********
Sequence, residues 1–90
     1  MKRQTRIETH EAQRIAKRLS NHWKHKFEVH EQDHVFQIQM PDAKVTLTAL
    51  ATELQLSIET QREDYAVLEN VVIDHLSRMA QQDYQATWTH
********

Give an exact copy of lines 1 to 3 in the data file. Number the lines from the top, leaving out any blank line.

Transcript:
Sequence, residues 1–90
     1  MKRQTRIETH EAQRIAKRLS NHWKHKFEVH EQDHVFQIQM PDAKVTLTAL
    51  ATELQLSIET QREDYAVLEN VVIDHLSRMA QQDYQATWTH